If you’ve made it to the river and all you have is a busted flush, it can be tough to know what to do. Do you go for a ballsy bluff, or simply let it go? In our latest No-Limit Hold’em poker strategy piece, this is the exact question that we’re going to answer. So let’s take a look at when you should bluff with a missed flush draw.
Think About All Possible Bluffs
Let’s talk about bluffing in poker. Why do we do it? Think about a tight player who never bluffs. It’s very hard for them to get paid off when they have a monster. That’s because they are too predictable, and we all know to fold our worst hands whenever they bet.
The solution to that problem is to throw in the right amount of bluffs to keep your opponents on their toes. Bluffing is not what makes you long-term profit; solid fundamentals are responsible for that. But without balancing our ranges with a few well-chosen bluffs, even doing the basics right is not going to be enough.
With that in mind, missed flush draws can present us with an opportunity for range balancing. In every spot, we must consider our entire range, taking the best value hands and working backward to select the bluffing candidates. From time to time, that will include busted flushes.
If You’re Not Sure, Play It Safe
However, in the majority of cases, a busted flush on the river is not a good candidate for bluffing. Although draws are excellent hands with which to make a semi-bluff attempt on the flop or turn, it’s different after the river.
The main reason is the blocking of your opponent’s folding range. Every hand is unique, of course. But, usually, the cards you are holding with a missed flush draw are the same cards you want your opponent to hold. And if you have them, the chances are greatly reduced that someone else does too.
If you go ahead and make the bluff, you’re likely to be called often because you don’t normally block their call range. So, if you’re not sure what to do with your busted draw, the general rule is to play safe and simply check. Only if you have a very strong read on the situation should you attempt a bluff.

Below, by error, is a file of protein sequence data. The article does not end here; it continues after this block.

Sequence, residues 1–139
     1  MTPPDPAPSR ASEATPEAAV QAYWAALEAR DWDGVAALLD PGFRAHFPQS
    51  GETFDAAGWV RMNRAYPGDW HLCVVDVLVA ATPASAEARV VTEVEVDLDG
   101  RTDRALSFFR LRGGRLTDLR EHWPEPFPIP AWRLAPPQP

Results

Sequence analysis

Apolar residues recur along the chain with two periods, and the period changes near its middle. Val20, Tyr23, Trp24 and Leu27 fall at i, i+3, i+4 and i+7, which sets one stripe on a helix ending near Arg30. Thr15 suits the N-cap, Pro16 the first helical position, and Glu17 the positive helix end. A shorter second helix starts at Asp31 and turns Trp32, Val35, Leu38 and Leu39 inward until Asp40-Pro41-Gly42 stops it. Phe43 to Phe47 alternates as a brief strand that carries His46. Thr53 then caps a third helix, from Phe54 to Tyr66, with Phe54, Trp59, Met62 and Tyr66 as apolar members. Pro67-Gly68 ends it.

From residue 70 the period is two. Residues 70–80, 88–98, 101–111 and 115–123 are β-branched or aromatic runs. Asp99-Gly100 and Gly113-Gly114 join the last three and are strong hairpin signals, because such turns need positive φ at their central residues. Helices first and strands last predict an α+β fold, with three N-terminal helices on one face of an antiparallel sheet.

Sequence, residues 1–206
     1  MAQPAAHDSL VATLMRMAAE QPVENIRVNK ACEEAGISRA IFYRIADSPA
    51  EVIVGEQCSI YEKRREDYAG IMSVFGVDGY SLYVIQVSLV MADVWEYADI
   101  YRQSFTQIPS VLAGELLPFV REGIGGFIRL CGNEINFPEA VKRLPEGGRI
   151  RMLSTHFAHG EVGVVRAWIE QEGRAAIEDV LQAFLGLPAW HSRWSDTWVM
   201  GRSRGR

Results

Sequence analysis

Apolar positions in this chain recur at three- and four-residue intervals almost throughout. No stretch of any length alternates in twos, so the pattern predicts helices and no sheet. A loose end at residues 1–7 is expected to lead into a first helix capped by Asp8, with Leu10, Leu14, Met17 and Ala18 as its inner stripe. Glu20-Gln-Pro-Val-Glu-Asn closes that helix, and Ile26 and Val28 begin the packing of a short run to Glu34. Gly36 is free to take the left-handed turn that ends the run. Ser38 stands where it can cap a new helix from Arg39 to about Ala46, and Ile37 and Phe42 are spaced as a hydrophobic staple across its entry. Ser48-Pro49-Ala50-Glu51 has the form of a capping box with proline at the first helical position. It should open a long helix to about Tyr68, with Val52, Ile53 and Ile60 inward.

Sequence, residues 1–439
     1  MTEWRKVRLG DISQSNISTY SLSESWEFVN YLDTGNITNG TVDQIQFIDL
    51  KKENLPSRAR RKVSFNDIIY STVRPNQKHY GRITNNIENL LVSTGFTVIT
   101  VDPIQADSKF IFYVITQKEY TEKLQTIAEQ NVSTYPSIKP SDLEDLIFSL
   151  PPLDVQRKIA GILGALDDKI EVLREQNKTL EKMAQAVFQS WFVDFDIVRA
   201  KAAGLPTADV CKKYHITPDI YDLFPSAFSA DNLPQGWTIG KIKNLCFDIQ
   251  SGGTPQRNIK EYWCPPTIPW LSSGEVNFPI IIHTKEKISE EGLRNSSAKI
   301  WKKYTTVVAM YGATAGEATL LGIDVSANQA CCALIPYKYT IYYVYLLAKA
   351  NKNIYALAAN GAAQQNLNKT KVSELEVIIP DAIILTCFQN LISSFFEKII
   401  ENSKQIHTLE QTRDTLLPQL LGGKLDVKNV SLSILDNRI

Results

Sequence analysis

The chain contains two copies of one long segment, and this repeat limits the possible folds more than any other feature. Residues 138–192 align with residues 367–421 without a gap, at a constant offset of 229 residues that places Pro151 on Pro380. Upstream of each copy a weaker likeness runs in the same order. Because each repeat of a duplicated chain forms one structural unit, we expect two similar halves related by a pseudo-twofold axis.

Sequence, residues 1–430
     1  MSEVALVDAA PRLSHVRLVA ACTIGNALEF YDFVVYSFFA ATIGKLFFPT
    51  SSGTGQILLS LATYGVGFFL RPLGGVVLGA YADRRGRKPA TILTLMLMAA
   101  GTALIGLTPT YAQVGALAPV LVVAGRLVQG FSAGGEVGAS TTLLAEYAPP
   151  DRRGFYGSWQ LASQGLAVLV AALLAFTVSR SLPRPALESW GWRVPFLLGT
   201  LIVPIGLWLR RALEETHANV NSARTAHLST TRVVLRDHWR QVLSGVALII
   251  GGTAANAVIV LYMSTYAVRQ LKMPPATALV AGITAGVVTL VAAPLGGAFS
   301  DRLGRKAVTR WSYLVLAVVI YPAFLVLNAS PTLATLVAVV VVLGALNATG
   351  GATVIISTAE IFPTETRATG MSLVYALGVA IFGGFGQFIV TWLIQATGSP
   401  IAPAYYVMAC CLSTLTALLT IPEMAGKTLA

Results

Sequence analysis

Let’s look at an example to help visualise the situation. You’ve raised preflop from the button with J-9 of clubs and the Big Blind has called. The flop is K(Club)-T(Diamond)-4(Club) and you have a potential flush draw with a gutshot straight draw. It’s checked to you, and you fired a continuation bet, which is called. The turn is 8(Heart) and you bet again, finding another call. The river 3(Spade) is a total brick.
Let’s look at our opponent’s situation here. What hands are they possibly folding if you bluff? Weak flush draws are the obvious candidate, but we are already holding two clubs, making this much less likely. Then it would be Q-J, which we also block, as well as A-X, but we even block A-J. So as you can see, it’s not the greatest spot for a bluff.
When Defending Your Big Blind
Although we just said that you generally should be cautious, there’s one specific scenario where that doesn’t apply. If the following three events occur, your mindset should change from “if you’re not sure, check” to “if you’re not sure, bet”.
- You’re defending your big blind against anyone other than the small blind
- You check-called a bet on the flop
- Action on the turn went check-check
This is an extremely promising position in which you can bluff despite having missed your flush draw. In order to check-call a bet on the flop, you must have some kind of a hand. By doing so, you’re signaling that your range probably contains made hands for the most part.
You can very safely represent a hand like top pair on the flop. To balance out your range, missed flush draws are good candidates for bluffing. That’s because here, they don’t block the kind of hands you want your opponent to have. Ace high, for instance.
To wrap things up, bluffing on the river with a missed flush draw is not normally the best play. The usual poker caveat applies, of course. Every hand is different, and there are always exceptions to the general rule. But if you’re in any doubt, you should usually play safe and check.
The one exception to that is when you’re defending your Big Blind and check-call the flop. If the turn goes check-check, this is ripe for a bluff.
Hopefully, you can incorporate this advice into your own poker game and improve your long-term results in this spot. The best way to truly incorporate any new knowledge is to practice. You can do so by taking advantage of the freerolls and low-stakes games, which can usually be found on online poker platforms such as Natural8. So, why not create a free account with Natural8 today and start playing?